Perhaps most humbling of all is the finding by both Celera and the public consortium that humans have 32,000 genes, give or take a few thousand. That's only about twice as many as the nematode has, and the number “is a bit of an assault on our sensibility,” Collins notes. Celera's scientists have detected 26,383 genes that are almost sure bets and another 12,000 distant possibilities; the consortium came in at 24,500, with another 5000 expected to show up as gene-prediction programs improve. Both are a far cry from the commonly cited number of 100,000 genes.

“It shows that it is better to draw conclusions based on data rather than conjecture,” says Celera's Adams, who as late as May bet there were some 67,000 genes (Science, 19 May 2000, p. 1146). As the sequencers puzzled over what happened to the rest, reexamining evidence for the lower number, they realized that the oft-mentioned 100,000 arose from a back-of-the-envelope calculation by Harvard Nobel laureate Walter Gilbert in the mid-1980s; subsequent papers also predicted the total to be between 50,000 and 100,000 genes. Gilbert still stands by his count, and even those who have now predicted only about one-third that number are circumspect. There won't be fewer than 25,000, “but the top end of this number is still quite flexible,” says bioinformatics expert Ewan Birney of the European Bioinformatics Institute branch in Hinxton near Cambridge, U.K. Adams agrees: “I'm sure in some cases we've underpredicted” the genes.

One reason for wiggle room is that gene-prediction programs work either by looking for a sequence that's similar to known genes or gene fragments or by homing in on a sequence of the right size that has the telltale beginnings and ends of a gene. What these programs miss is “the mythical stuff called dark matter” by the gene predictors, says Birney—genes that are not very active. Gene-prediction software relies on, among other things, catalogs of expressed genes known as expressed sequence tags. But genes that are rarely active would not be detected in most screens of expressed genes. “There could be lots of dark matter, because there is no way to know [how much there is],” says Eric Lander, head of the Whitehead/MIT Genome Center in Cambridge, Massachusetts.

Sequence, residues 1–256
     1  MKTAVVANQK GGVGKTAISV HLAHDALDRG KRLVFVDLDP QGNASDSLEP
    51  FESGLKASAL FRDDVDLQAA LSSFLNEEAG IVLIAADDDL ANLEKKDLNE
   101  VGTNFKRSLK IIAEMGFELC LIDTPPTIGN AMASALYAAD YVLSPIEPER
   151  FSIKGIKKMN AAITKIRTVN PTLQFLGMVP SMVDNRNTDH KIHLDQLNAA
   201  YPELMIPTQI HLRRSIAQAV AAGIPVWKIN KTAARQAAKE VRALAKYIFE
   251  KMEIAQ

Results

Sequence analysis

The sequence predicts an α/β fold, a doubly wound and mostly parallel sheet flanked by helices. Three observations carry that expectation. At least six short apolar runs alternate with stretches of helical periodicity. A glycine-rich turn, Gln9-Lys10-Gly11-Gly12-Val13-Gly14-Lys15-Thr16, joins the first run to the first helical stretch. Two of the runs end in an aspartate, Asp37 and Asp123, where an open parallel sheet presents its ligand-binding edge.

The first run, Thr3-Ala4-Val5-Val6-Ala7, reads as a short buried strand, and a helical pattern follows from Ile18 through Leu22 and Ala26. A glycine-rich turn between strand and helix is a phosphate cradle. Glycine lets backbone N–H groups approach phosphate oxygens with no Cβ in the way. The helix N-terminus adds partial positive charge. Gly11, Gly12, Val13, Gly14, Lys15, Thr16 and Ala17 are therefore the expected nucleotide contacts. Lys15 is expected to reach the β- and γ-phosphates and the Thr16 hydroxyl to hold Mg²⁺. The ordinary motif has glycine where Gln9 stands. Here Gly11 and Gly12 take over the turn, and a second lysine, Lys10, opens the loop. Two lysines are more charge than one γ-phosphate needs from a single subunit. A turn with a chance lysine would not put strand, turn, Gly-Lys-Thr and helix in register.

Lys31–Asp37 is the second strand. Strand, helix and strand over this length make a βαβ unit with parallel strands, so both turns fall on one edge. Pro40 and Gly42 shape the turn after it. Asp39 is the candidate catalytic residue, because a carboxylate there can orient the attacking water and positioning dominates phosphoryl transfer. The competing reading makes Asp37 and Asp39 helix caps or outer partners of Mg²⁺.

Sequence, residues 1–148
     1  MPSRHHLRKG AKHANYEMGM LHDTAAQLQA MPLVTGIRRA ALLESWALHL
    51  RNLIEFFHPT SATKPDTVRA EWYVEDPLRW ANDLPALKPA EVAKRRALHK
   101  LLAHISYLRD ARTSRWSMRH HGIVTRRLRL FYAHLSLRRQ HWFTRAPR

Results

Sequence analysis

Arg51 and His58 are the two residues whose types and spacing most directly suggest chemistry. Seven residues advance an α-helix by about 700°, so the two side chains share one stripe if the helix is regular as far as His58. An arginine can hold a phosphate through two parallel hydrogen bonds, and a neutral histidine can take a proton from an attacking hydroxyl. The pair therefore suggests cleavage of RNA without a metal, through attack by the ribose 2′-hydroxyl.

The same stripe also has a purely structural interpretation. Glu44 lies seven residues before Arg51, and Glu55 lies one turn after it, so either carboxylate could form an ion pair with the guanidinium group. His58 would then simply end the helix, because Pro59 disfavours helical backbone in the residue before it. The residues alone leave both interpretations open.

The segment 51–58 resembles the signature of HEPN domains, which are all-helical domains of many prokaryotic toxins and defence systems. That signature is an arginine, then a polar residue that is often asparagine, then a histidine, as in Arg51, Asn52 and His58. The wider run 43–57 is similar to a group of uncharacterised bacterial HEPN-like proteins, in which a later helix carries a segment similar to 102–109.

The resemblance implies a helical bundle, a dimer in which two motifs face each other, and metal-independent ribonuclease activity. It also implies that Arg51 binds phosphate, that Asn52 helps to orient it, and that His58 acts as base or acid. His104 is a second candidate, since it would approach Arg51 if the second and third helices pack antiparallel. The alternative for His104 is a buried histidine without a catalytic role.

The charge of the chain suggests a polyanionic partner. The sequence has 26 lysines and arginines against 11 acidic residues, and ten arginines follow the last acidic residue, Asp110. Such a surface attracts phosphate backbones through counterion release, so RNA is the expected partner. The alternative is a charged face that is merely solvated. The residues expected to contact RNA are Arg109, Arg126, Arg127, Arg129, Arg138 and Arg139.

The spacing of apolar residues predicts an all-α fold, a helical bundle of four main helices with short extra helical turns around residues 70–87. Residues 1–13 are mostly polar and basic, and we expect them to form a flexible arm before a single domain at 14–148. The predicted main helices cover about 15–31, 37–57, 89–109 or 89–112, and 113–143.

The less mythical genes are showing, however, how fewer genes can yield an organism as complicated as a person. By comparing the human genome with expressed sequence tags and with other genomic and protein data, researchers have figured out that human genes do more work than those in other organisms do—and therein may lie the difference between us and them. Whether in human, worm, or fly, each coding region of a gene is about the same size. Yet human genes assemble these regions in a startling array of combinations. So rather than specify just one protein, as was long believed, each human gene can, on average, spell out three proteins simply by using different combinations of the coding regions, called exons, located within its boundaries. “We're [now] understanding what vertebrate innovation is about,” Lander notes.

Proteins are turning out to be more complicated as well. Proteins consist of one or more identifiable domains, sections that have a particular shape or function. After looking at all the proteins potentially encoded in the genome, the public consortium concluded that although humans don't have appreciably more types of domains, they use those domains more creatively, “cobbling more of them together” than do worms or fruit flies, says Collins. Celera's team found this to be particularly true in certain classes, such as structural proteins involved in the actin cytoskeleton and proteins used in signal transduction and immune function.

Another surprise is “the whole architecture of chromosomes, the enormous differences,” notes molecular biologist Leroy Hood at the Institute for Systems Biology in Seattle. Adams was particularly intrigued by the distribution of single-nucleotide polymorphisms (SNPs), places on the genome where a certain base varies among individuals. “In some regions, the SNP density is higher than you'd expect, and [elsewhere] it's lower than you'd expect,” explains Adams. “There's something going on in the genome” that we don't understand, he adds, that determines why SNPs accumulate in some places but not in others.

Other features also vary across the genome. Regulatory regions called CpG islands that shut down nearby genes are denser in gene-rich regions than in the stretches of geneless DNA. Similarly, researchers are puzzling over why the rate of recombination, in which a pair of chromosomes swap equivalent bits of DNA, differs so dramatically. Parts of chromosome 13 are relatively stable, for instance, whereas chromosome 12 in men and chromosome 16 in women are enormously fickle.

Eric Lander

head of the Whitehead/MIT Genome Center and lead author of the paper published in Nature.